WASHINGTON (AP) — The Trump administration has broken off vehicle mileage standards talks with California, moving the two closer to a possible court battle that threatens to unsettle the auto industry. The White House said in a statement that the administration, which wants to freeze mileage standards, would now move unilaterally to "finalize a rule later this year with the goal of promoting safer, cleaner, and more affordable vehicles."

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Google to end forced arbitration for all worker disputes

SAN FRANCISCO (AP) — Google says it will no longer require that its workers settle disputes with the company through arbitration, responding to months of pressure from employees. The company said Thursday that the change will take effect March 21 and will apply to current and future employees. Google said last year it would end forced arbitration for sexual harassment and assault cases.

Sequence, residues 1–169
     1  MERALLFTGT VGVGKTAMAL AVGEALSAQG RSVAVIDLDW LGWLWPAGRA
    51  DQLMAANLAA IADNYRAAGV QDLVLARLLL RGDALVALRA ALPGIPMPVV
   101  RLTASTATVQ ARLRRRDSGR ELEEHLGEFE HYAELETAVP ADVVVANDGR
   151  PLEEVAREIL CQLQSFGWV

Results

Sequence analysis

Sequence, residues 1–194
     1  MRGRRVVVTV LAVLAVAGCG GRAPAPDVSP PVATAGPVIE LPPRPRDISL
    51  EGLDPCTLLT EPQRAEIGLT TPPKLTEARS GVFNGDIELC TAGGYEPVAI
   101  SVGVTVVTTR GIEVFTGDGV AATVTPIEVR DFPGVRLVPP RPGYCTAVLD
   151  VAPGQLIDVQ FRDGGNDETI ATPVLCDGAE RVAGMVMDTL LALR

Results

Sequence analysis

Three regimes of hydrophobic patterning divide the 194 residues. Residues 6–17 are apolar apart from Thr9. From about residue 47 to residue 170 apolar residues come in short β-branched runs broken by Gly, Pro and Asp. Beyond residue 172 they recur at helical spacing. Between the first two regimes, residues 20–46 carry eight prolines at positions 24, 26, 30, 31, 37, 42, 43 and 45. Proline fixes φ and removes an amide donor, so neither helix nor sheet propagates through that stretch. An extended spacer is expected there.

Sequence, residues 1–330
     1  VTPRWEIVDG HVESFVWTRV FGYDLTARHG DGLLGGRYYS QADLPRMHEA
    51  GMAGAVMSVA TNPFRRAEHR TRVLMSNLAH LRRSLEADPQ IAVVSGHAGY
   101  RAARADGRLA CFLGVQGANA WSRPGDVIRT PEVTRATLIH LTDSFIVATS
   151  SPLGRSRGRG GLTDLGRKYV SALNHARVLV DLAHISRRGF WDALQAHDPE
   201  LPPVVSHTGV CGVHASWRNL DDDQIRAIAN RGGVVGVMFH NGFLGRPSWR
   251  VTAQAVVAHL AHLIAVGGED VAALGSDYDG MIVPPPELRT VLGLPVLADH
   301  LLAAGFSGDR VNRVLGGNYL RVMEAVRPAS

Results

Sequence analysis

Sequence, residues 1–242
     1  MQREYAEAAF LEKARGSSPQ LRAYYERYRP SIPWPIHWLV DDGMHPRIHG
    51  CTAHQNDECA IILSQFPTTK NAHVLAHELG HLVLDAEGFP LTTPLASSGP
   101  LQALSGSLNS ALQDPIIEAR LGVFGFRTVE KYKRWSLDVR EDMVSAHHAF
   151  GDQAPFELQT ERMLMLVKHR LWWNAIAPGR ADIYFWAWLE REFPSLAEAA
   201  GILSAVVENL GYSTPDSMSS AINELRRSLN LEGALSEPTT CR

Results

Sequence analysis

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US stocks decline, breaking S&P 500's 3-day winning streak

NEW YORK (AP) — Health care and energy companies led U.S. stocks lower Thursday, ending a three-day winning streak for the S&P 500 and giving the benchmark index only its fourth loss this month. The modest sell-off came as investors weighed mixed economic data and company earnings reports while keeping an eye on Washington, where U.S. and Chinese negotiators resumed high-level talks aimed at ending their costly trade dispute. Treasury yields rose and the price of gold fell.

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The S&P 500 fell 9.82 points, or 0.4 percent, to 2,774.88. The Dow Jones Industrial Average lost 103.81 points, or 0.4 percent, to 25,850.63. The Nasdaq composite declined 29.36 points, or 0.4 percent, to 7,459.71. The Russell 2000 index of smaller companies gave up 6.11 points, or 0.4 percent, to 1,575.55.